The Group of Scribes, the lower Range of Representations on the Northern Wall of the Tomb of Prince Kaninisut, excavated from Giza, shows 4 scribes sitting in the characteristic scribal posture on the floor, writing.
"If writing was not done in a standing position, it was done sitting down with crossed legs, and the papyrus was laid without any support on the stretched kilt. The roll was held at right angles to the body and was unrolled with the left hand and rolled up with the right. The beginning was thus on the right-hand side and writing was done from the right to the left. Until the Twelfth Dynasty writing was done from the right to left in vertical lines, horizontal lines being only used for dates, headings or signatures. After the Twelfth Dynasty writing was done (from right to left) in horizontal lines, but one page was divided up into several columns. In certain texts writing was done backwards, i.e. single signs were written from right to left, but vertical lines (or columns) followed each other from left to right. In other manuscripts two columns were written alongside each other in such a way that in one the signs were written from left to right and in the other from right to left so that they 'looked at each other'. Adminstrative documents formed an exception; it was customary to hold them perpendicularly so that the lines ran parallel to the narrow side of the papyrus. The only known exception is thus all the more interesting. Since a Moscow papyrus containing an account of the voyage of Wenamum, i.e. a literary text, is wrriten in this way, it can be assume that it is an official report which the traveller wrote for some chancellery" (Hussein, Origins of the Book. Egypt's contribution to the development of the book from papyrus to codex (1970) 17-18, reproducing a drawing of the full Kaninisut relief on p. 11, caption p. 22).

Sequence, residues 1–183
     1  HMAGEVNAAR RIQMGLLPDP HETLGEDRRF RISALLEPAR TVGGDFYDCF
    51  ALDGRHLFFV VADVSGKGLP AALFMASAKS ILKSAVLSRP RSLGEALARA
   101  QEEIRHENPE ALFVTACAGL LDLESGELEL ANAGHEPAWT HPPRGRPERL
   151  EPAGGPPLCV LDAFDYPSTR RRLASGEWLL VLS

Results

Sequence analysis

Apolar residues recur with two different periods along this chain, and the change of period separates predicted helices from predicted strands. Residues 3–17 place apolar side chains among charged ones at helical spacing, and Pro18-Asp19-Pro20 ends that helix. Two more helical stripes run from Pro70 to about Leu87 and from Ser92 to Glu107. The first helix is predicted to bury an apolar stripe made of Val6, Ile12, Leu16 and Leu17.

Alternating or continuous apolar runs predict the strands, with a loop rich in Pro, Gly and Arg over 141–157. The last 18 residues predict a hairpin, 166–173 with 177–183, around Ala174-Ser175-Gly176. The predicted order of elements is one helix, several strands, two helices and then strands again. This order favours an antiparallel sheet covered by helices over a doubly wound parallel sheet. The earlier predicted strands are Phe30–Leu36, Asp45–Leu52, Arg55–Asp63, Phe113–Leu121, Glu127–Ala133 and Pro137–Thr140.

Included in the image are receptacles for papyrus rolls, including bags and corded boxes. This limestone carving is from The Offering Room of Prince Kaninisut as preserved in the Kunsthistoriches Museum, Vienna.
"The postures and equipment of the scribes are very remarkable. Crouching on the ground, they seize the half-open papyrus with their left hand and hold the palette between the thumb and forefinger. With only one exception, the palettes are shells. Two round spots on the inside of the shells mark the places where they prepared the black and red used for the summary. Two spare reed pens stick behind the ear of each scribe. The boxes, destined to contain the papyri, show interesting forms" (Junker, The Offering Room of Prince Kaninisut  35 and plate 12).